Politics and Philosophy in Antiquity: Greece, Christianity, Rome

Course Information
TitleΠολιτική φιλοσοφία στην αρχαιότητα: Ελλάδα, Χριστιανισμός, Ρώμη / Politics and Philosophy in Antiquity: Greece, Christianity, Rome
SchoolSocial Theology and Christian Culture
Cycle / Level1st / Undergraduate
Teaching PeriodSpring
CoordinatorKonstantinos Bozinis
Course ID600018265

Class Information
Academic Year2020 – 2021
Class PeriodSpring
Faculty Instructors
Weekly Hours3
Class ID
Course Type 2011-2015
Specific Foundation / Core
Mode of Delivery
  • Face to face
Digital Course Content
Language of Instruction
  • Greek (Instruction, Examination)
General Prerequisites
No prequisites
Learning Outcomes
The acqauintance and familiarization of the students with the political thought of Graeco-Roman world and the Early Church. Upon the succesful completion of the course the students will have: - attained a deeper knowledge of the political ideas in antiquity and their originality - become conscious of the great interest Christianity has in the earthly life - the competence to approach in a more critical way the political affairs of nowdays thanks to their classical paideia
General Competences
  • Work autonomously
  • Work in teams
  • Generate new research ideas
  • Be critical and self-critical
  • Advance free, creative and causative thinking
Course Content (Syllabus)
(1) Divine Justice in the Homerean and Hesiodean Epos (2) Political ideas in the Lyric poetry and the Presocratic philosophy (Tyrtaios, Theognis, Solon,Anaximandrus, Heraclitus, PPythagoras, Parmenides) (3)The new liberty: the awekening of the democratic feelings after the Graeco-Persian wars (4) "Physis" and "Nomos": the revolutianary teaching of the Sophists concerning social life and Socrates (5) The political dialogues of Plato I: "Gorgias" and "Republic" (6) The political dialogues of Plato II: "Politicos" and "Laws" (7) The "Politics" and "Ethica Nicomachea" of Aristotle (8) Hellenistic Monarchic Theory (9)The greek political thought in Rome (Polyvius, Panaitius,Posidonius, Carneades, Marcus Tullius Cicero) (10) The "Theocracy" of the Jews (11) Religion and Politics in the New Testament: Christianity between "Romans" 13 and "revelation" 13 (12)Rich and poor: the elimination of social discriminations in the Ancient Church (13)Civil love: the shapening of an original Christian political theory by John Chrysostom and the Cappadocians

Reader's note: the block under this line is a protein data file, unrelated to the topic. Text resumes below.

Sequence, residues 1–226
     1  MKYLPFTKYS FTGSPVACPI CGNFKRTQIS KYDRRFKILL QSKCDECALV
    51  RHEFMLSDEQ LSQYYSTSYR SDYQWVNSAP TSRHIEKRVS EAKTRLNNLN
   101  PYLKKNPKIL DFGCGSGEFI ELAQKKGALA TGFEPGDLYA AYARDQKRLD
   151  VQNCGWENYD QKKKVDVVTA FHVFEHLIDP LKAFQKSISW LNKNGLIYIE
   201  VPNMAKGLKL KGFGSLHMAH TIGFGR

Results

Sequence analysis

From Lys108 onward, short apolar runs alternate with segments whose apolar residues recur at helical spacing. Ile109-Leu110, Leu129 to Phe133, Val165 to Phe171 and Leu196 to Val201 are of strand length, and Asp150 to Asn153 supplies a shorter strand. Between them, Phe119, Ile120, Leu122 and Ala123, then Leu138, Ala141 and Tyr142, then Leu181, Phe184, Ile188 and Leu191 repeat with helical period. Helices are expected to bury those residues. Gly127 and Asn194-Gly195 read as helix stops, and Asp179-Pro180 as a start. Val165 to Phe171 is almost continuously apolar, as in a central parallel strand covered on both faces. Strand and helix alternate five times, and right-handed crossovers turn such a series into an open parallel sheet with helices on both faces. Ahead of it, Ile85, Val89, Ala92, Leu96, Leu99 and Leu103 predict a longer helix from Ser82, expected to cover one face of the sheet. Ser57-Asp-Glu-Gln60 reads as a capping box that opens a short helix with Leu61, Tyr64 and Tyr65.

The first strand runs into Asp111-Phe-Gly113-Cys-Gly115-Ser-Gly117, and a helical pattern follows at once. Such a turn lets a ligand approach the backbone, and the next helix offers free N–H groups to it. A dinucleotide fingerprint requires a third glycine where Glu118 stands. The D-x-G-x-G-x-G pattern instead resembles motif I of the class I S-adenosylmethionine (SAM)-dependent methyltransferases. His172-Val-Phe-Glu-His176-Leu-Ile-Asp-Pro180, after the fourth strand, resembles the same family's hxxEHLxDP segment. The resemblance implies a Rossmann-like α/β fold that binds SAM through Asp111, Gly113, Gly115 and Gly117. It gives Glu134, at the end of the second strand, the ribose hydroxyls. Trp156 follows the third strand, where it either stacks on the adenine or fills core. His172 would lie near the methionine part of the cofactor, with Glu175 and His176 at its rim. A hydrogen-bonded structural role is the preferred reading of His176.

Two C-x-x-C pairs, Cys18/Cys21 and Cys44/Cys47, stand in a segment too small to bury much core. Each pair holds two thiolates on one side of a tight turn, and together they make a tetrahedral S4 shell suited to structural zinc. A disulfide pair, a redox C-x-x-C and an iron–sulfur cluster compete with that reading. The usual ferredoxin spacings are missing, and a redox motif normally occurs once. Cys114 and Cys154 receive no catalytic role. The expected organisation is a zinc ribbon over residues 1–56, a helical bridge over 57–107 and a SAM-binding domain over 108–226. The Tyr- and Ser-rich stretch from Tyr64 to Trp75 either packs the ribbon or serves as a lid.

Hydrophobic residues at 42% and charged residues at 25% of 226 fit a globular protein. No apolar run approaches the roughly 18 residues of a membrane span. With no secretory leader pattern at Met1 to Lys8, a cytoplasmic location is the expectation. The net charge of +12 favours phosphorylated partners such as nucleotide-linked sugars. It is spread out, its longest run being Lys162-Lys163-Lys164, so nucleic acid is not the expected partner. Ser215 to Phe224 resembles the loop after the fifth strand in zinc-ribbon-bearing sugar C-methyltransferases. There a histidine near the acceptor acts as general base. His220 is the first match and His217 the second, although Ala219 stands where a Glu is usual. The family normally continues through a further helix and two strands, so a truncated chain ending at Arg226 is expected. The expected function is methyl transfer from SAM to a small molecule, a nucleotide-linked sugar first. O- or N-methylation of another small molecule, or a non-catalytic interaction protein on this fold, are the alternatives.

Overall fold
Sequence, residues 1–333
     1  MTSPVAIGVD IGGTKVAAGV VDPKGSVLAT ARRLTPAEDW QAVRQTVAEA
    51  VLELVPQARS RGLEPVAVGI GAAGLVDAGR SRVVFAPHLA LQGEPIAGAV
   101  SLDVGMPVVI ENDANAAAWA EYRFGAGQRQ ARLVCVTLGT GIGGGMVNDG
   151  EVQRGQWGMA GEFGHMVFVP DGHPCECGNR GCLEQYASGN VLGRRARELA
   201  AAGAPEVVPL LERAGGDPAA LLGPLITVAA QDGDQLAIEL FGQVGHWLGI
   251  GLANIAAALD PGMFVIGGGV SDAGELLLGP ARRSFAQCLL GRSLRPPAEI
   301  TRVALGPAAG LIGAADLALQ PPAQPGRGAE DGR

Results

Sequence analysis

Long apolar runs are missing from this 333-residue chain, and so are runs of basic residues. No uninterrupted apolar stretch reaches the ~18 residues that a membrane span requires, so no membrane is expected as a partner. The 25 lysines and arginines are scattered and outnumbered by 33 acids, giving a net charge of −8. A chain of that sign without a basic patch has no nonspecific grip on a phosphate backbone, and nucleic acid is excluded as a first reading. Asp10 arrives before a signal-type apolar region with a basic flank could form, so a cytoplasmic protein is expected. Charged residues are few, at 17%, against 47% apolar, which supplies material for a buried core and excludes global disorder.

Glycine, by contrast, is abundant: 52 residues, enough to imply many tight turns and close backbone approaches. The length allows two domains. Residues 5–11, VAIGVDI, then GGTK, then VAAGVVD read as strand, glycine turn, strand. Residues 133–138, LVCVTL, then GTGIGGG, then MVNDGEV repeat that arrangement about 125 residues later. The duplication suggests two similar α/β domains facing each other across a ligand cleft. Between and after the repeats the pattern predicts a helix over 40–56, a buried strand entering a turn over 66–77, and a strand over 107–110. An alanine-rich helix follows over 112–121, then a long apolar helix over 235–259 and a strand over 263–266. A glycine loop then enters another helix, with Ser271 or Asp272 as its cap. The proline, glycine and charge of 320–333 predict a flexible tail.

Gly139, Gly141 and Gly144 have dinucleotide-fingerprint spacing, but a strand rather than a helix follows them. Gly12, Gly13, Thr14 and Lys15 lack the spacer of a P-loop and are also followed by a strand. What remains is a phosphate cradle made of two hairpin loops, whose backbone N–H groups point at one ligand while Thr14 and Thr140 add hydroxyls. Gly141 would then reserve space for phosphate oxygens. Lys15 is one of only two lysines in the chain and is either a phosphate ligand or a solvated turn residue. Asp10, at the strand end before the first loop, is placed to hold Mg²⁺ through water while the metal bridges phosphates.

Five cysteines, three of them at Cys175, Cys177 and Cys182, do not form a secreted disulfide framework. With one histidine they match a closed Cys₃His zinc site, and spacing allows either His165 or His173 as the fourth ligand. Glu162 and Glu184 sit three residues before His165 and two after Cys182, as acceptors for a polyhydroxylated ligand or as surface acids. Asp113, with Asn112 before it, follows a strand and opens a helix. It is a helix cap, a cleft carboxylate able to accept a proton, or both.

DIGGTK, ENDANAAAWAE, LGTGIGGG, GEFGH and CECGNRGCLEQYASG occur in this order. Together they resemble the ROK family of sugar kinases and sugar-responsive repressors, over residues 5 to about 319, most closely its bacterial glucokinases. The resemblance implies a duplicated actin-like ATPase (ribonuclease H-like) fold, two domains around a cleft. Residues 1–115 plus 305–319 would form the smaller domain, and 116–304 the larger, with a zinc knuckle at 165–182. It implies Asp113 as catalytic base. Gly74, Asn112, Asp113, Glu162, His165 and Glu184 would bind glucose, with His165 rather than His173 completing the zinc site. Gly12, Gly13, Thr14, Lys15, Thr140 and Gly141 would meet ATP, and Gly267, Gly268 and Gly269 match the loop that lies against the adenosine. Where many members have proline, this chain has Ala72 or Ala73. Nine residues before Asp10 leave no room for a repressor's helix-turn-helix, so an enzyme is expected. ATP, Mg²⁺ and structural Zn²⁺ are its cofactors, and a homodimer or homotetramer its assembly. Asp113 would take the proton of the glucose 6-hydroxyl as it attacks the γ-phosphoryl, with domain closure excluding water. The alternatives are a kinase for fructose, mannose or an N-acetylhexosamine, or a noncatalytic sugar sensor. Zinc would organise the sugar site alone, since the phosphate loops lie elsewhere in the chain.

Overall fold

Political Philosophy-Antiquity, Ancient Democracy, Roman Empire, Christianity-Political Thought, Church-State Relationship
Educational Material Types
  • Notes
  • Book
  • Photocopies of ancient Greek texts
Use of Information and Communication Technologies
Use of ICT
  • Use of ICT in Communication with Students
Communication through e-mail
Course Organization
Reading Assigment150.6
Field trips and participation in conferences / seminars / activities150.6
Exchange of Opinions110.4
Student Assessment
Oral examination at the end of the semester (50%), while taking into consideration the active participation of the student in class and the undertaking of work, which they present before the professor and their fellow students (50%). Students who cannot attend the course ought to make arrangements with the professor concerning the manner of their examination
Student Assessment methods
  • Written Exam with Extended Answer Questions (Formative)
  • Written Assignment (Formative)
  • Performance / Staging (Formative)
Course Bibliography (Eudoxus)
1. T.A. Sinclair, Ιστορία της Ελληνικής Πολιτικής Σκέψεως, μτφ. από τα αγγλικά και πρόλ. Γ.Κ. Βλάχος, Αθήνα 1969 2. Κ.Α. Μποζίνης, Πολιτική Αγάπη (Νέα ερμηνευτική προσέγγιση στον ιερό Χρυσόστομο), Θεσσαλονίκη 2019
Additional bibliography for study
1. G. Glotz,Η Ελληνική "Πόλις", μτφ. από τα γαλλικά Α. Σακελλαρίου, Αθήνα 1978 2. J. de Romilly, H Αρχαία Ελλάδα σε Αναζήτηση Ελευθερίας, μτφ. από τα γαλλικά Κ. Μηλιαρέση, Αθήνα 1992 3. Κ.Α. Μποζίνης, Ο Ιωάννης ο Χρυσόστομος για το Imperium Romanum (Μελέτη πάνω στην πολιτική σκέψη της Αρχαίας Εκκλησίας), Αθήνα 2003
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